After a sophomore slump and shuffling around the lineup, Pittsburgh Penguins left winger Jake Guentzel stormed the NHL in his third season. The Penguins 2013 third-round pick lit the lamp 40 times and helped captain Sidney Crosby score 100 points for the first time in five years. It was a break-out year for Guentzel who only prior showed that type of offensive explosion in the playoffs.
Last season Guentzel lived up to his potential as the winger worthy of playing beside Crosby. There haven’t been many of those during Crosby’s career and none before have been homegrown.
The Penguins offseason loss of Phil Kessel via trade will leave a hole in their lines and the team will be short of offensive production. They will need Guentzel to replicate his performance.
In total, Guentzel scored 76 points (40g, 36a) and was the perfect Robin to Crosby’s Batman. And there was a delicious, sugar rush inducing triple chocolate milkshake with a chocolate bar included. The Penguins also added a sweetener to Guentzel’s season when the inked the winger to a five-year, $30 million contract.
And therein might be the biggest challenge for Guentzel to repeat his breakout season; money changes things.
Previous Crosby sidecar Conor Sheary scored 53 points in 61 games with Crosby in 2016, then slumped after signing a three-year, $9 million deal. He admitted to PHN during the late season 2017 that perhaps the contract added pressure which he didn’t expect. During locker cleanout day last April, Bryan Rust wouldn’t discount the adverse effects of his new four-year, $14 million contract.
It’s probably not the worst problem Guentzel will ever deal with; if he needs help spending $6 million (minus escrow, of course), he should have plenty of help.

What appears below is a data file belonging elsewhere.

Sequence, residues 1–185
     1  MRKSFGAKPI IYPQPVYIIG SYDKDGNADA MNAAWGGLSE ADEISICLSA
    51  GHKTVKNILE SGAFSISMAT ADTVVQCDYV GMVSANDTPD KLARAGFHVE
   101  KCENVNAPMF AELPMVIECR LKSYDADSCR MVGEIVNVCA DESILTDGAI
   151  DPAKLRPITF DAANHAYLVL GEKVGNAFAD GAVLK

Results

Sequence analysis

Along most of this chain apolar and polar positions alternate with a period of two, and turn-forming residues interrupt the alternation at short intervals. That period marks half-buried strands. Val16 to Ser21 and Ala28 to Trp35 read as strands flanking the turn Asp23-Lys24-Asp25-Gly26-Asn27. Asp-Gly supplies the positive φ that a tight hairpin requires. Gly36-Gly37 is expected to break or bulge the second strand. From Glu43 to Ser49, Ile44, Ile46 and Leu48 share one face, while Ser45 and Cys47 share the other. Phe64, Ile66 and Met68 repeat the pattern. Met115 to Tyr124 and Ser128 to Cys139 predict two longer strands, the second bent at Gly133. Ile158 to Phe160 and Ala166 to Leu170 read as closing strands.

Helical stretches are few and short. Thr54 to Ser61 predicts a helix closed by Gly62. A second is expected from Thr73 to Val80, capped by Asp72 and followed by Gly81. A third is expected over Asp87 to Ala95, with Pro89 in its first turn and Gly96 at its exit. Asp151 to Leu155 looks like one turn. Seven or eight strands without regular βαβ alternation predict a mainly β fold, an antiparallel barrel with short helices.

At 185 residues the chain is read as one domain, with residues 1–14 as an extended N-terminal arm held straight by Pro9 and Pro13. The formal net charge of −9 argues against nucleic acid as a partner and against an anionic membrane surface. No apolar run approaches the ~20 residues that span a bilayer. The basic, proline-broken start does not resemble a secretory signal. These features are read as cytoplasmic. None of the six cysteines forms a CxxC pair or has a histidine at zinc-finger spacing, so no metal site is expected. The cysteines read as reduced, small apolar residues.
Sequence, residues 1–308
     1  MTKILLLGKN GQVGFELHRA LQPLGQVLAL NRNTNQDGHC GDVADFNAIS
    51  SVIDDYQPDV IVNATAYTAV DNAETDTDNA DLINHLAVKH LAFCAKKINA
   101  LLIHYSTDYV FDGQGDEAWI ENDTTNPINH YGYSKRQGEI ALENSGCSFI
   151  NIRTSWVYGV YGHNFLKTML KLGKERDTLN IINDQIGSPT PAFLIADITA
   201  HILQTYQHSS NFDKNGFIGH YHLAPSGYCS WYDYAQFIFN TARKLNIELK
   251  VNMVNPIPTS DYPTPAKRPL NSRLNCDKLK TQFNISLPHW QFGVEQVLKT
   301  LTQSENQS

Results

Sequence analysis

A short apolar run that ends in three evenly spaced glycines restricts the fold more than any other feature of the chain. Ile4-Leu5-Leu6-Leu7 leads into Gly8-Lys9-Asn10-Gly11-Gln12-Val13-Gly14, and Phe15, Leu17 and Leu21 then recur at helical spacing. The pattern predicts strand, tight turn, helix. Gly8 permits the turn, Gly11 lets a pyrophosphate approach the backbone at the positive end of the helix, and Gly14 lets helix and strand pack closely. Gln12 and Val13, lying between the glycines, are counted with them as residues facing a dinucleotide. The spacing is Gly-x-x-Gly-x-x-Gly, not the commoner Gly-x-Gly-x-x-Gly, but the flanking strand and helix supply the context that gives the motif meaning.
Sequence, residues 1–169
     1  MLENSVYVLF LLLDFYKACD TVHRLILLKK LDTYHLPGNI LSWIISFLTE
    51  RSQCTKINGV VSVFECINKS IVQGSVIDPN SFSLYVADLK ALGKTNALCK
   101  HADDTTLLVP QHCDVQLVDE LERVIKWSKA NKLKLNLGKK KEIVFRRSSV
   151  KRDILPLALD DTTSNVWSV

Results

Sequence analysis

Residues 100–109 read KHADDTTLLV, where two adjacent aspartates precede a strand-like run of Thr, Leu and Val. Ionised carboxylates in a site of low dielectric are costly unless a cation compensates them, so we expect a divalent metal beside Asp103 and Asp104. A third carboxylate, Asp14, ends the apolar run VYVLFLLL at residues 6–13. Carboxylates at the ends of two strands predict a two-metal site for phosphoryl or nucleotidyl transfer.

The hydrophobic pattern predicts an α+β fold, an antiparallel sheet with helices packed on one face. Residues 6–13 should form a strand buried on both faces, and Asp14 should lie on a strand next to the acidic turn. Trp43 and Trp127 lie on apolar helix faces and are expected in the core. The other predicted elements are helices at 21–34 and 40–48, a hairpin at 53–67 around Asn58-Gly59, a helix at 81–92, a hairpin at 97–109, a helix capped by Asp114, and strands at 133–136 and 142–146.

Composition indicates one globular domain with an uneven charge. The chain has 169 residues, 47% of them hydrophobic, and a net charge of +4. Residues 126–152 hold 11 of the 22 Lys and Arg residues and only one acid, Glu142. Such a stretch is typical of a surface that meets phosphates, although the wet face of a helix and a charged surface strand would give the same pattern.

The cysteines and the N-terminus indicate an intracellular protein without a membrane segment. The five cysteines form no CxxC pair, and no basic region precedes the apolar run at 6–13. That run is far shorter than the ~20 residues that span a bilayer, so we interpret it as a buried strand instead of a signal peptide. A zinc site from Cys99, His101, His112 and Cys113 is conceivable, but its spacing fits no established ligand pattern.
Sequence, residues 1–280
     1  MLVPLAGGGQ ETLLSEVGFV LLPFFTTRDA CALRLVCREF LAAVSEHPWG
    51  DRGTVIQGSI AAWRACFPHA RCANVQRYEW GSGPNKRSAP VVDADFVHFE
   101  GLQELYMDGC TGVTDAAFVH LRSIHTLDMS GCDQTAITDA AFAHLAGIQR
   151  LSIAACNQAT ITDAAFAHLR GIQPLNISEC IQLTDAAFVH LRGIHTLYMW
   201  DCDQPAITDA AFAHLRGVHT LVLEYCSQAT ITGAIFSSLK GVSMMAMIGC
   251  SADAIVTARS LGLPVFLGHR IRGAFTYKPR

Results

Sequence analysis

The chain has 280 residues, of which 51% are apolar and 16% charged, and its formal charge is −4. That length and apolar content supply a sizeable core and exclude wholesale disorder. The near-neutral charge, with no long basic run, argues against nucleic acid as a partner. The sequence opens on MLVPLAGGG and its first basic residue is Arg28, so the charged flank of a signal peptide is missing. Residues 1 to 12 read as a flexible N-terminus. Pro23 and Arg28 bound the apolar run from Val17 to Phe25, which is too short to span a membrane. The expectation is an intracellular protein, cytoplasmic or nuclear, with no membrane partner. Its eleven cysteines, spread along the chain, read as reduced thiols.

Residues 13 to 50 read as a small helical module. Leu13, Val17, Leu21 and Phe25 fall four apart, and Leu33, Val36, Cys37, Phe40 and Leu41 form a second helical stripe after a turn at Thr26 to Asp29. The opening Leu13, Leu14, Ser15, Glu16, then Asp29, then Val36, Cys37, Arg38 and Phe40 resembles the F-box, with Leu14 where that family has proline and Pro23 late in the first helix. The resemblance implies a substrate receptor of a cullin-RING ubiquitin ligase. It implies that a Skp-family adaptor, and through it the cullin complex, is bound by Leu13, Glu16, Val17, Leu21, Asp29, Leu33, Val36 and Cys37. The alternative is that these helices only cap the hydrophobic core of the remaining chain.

Guentzel has not yet proved he can succeed without Crosby, though the Pittsburgh Penguins don’t appear to have any inclination to find out. Last season, Guentzel played less than 200 minutes at 5v5 without Crosby. In that limited sample size, Guentzel posted a porous 41% Corsi, had only 43% of the scoring chances and was outscored 13-6.
Those are brutal ratios, and if Crosby were to miss significant time this season, Guentzel would be the most affected.
However, banking on Crosby’s durability Guentzel could further benefit from the Penguins addition of Alex Galchenyuk who could begin the season on the top line. Galchenyuk could and should provide superior finish on the right side of the line than Dominik Simon or Byran Rust, who spent significant time as the top line RW last season.
Prediction: Guentzel will be unphased by his hefty contract, and Sidney Crosby will remain healthy. Guentzel had to prove his second-season slump was the aberration, and he succeeded.
In a season marked by significant slumps including Rust’s one goal in his first 29 games, Phil Kessel didn’t score a goal for more than 16 games, and Patric Hornqvist went more than 17 games without a marker, Guentzel remained consistent. He scored a steady 13, 14, and 13 points in November, December, and January, respectively. He continued a healthy pace all season including 16 points in March.
His game still has space to grow, as well. Head coach Mike Sullivan would not mind a little more physicality, too, “His game is best when he plays stiff,” Sullivan said.
Guentzel also helped the Penguins second power-play unit to be an effective unit. This season, Guentzel could or should see some time on the top power-play unit. Sullivan joked in the playoffs about the Penguins’ embarrassment of riches regarding establishing a top power-play.
Otherwise, Guentzel blends well with Crosby because he plays with speed and creativity. The son of a hockey coach, his hockey IQ stands above most contemporaries. Guentzel should add a few more assists this season, especially with top unit power-play time but 40 goals is a lofty number.
35 goals, 50 assists. 85 points.